Half of Americans facing diabetes by 2020: report

NEW YORK Tue Nov 23, 2010 12:11am EST

A competitor prepares to go in front of judges at a casting call for the second season of the reality television programme ''Dance Your Ass Off'', during which overweight or obese contestants hope to lose weight by dancing, in New York December 18, 2009.REUTERS/Finbarr O'Reilly/Files

A competitor prepares to go in front of judges at a casting call for the second season of the reality television programme ''Dance Your Ass Off'', during which overweight or obese contestants hope to lose weight by dancing, in New York December 18, 2009.

Credit: Reuters/Finbarr O'Reilly/Files

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NEW YORK (Reuters) - More than half of Americans will have diabetes or be prediabetic by 2020 at a cost to the U.S. health care system of $3.35 trillion if current trends go on unabated, according to analysis of a new report released on Tuesday by health insurer UnitedHealth Group Inc.

Diabetes and prediabetes will account for an estimated 10 percent of total health care spending by the end of the decade at an annual cost of almost $500 billion -- up from an estimated $194 billion this year, according to the report titled "The United States of Diabetes: Challenges and Opportunities in the Decade Ahead."

The average annual health care costs in 2009 for a person with known diabetes were about $11,700 compared with about $4,400 for the non-diabetic public, according to new data in the report drawn from 10 million UnitedHealthcare members.

The average annual cost nearly doubles to $20,700 for a person with complications related to diabetes, the report said. Complications related to diabetes can include heart and kidney disease, nerve damage, blindness and circulatory problems that can lead to wounds that will not heal and limb amputations.

Diabetes, which is reaching epidemic proportions and is one of the fastest-growing diseases in the United States, currently affects about 26 million Americans.

Another 67 million Americans are estimated to have prediabetes, which may not have any obvious symptoms. More than 60 million Americans are unaware that they have the condition, according to UnitedHealth.

People with prediabetes have higher than normal blood sugar levels, but not yet high enough to be diagnosed as diabetes. Prediabetics often have other risk factors, such as overweight, high blood pressure and high cholesterol.

The 52-page UnitedHealth report also focuses on the growing obesity epidemic as that condition is a leading cause of diabetes.

The authors of the report contend the skyrocketing cost forecasts are not inevitable, however, if the crisis is tackled aggressively, including early intervention to prevent prediabetes from becoming diabetes.

"Because diabetes follows a progressive course, often starting with obesity and then moving to prediabetes, there are multiple opportunities to intervene early on and prevent this devastating disease before it's too late," Deneen Vojta, senior vice president of the UnitedHealth Center for Health Reform & Modernization, said in a statement.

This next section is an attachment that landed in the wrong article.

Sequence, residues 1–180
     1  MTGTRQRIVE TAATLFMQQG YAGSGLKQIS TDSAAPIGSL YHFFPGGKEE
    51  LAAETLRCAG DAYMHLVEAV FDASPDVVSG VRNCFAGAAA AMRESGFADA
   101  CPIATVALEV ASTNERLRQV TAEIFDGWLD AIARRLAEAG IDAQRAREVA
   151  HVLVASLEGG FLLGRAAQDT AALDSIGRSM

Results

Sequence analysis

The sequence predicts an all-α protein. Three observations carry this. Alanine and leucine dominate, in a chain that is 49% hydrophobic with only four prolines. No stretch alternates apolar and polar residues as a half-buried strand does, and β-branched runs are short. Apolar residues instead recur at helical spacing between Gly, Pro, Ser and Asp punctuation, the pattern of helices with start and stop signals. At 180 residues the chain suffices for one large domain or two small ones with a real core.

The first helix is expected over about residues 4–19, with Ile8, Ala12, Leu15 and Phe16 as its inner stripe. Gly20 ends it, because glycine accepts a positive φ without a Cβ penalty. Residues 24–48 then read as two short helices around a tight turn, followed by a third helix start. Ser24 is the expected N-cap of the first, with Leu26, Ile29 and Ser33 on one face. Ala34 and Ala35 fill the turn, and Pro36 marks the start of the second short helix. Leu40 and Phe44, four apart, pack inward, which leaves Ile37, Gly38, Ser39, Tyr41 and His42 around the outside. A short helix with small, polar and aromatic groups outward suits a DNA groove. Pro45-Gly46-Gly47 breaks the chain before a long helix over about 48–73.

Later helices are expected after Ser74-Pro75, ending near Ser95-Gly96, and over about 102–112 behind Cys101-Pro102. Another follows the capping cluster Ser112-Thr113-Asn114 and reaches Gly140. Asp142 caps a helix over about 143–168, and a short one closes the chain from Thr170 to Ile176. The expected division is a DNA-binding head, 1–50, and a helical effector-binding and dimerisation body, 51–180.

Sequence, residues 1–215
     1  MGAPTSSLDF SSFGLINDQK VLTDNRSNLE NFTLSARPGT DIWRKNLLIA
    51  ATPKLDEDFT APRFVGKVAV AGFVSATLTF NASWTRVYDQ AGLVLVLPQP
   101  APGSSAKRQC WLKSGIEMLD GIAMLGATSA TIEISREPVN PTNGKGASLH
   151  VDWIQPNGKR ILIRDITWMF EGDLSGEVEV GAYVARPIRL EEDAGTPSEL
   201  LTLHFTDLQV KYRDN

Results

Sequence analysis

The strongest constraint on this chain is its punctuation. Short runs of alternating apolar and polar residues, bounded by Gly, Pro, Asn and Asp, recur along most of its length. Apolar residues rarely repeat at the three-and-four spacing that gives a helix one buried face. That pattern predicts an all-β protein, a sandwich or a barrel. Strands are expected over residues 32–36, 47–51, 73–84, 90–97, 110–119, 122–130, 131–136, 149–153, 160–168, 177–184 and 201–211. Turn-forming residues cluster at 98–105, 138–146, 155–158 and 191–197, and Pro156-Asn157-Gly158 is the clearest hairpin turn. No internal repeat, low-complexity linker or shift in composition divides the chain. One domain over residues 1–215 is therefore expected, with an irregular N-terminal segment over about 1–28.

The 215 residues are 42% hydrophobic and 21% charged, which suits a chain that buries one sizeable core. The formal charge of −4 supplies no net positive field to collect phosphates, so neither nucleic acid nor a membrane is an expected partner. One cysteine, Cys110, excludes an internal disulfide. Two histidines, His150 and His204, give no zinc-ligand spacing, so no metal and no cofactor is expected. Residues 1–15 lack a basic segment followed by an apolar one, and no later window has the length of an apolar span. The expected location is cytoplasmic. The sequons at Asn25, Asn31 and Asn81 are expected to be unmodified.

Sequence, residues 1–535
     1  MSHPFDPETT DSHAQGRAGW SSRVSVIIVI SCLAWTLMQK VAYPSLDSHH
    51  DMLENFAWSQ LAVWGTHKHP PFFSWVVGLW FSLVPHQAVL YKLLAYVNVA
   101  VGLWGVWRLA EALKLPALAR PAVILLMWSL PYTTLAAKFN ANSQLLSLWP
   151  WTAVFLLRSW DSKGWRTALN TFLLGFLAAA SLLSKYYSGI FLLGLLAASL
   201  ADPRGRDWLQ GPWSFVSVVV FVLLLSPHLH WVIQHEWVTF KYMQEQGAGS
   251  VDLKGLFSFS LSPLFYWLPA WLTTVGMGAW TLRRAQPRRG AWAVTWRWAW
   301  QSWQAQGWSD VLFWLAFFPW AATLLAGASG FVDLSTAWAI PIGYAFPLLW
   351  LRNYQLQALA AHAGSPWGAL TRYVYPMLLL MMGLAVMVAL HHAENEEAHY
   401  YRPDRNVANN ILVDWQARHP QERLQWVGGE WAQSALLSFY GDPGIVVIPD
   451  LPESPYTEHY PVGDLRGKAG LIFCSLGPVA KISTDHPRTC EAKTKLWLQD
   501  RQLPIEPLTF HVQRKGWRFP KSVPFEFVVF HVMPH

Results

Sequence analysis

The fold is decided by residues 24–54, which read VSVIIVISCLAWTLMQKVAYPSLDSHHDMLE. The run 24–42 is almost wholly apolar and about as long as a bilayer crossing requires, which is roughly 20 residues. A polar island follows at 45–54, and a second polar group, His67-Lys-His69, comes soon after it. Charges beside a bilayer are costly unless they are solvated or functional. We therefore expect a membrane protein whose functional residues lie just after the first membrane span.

"What is now needed is concerted, national, multi-stakeholder action," Simon Stevens, chairman of the UnitedHealth Center for Health Reform & Modernization, said in a statement.

"Making a major impact on the prediabetes and diabetes epidemic will require health plans to engage consumers in new ways, while working to scale nationally some of the most promising preventive care models." Stevens added.

If solutions for tackling the epidemic offered in the report were adopted broadly and scaled nationally it could lead to cost savings of up to $250 billion over the next 10 years, according to the UnitedHealth analysis.

(Reporting by Bill Berkrot; editing by Andre Grenon)

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Comments (9)
arttie wrote:
Our country is slowly going to hell. I think it’s time to intercede and require that ALL obese people be required to undergo some sort of positive education regarding their weight and the consequences for them. Once a person has completed an educational program then they should be held totally accountable for themselves and bear the cost of any treatment they may require that is directly related to their obesity. Why should healthy Americans bear the burden of the billions of dollars it costs this country to take care of people who obviously don’t give a damn about themselves. Make THEM pay for their diabetes treatment. And, yes, I would include families that allow their children to become obese, and those children. In fact, parents should be held totally accountable for the health of their children.
‘t

Nov 23, 2010 12:43am EST  --  Report as abuse
drybeans wrote:
This is not only about obese people by a long shot. That’s one main cause, but the other is the incredibly sugar rich diet that has more or less been forced on people in the US. It should be seen as a systemic issue instead of one of life style.

If you doubt my words I challenge you to go to Walmart, Kroger, or any other supermarket and just TRY to find a product that does not contain hydrogenated corn syrup, or other corn products. People eat poorly, but their options hardly make it clear what is good food and what is not.

Nov 23, 2010 2:10am EST  --  Report as abuse
finneganG wrote:
This is more about depression and a general fear and unhappiness with the lives of many of these overweight/obese people.

It is sad to see people compensating for a void in their lives by filling their stomach with junk food.

Fit individuals should show some compassion because obese people don’t want to be large, they want to be like everyone else.

Nov 23, 2010 11:01am EST  --  Report as abuse
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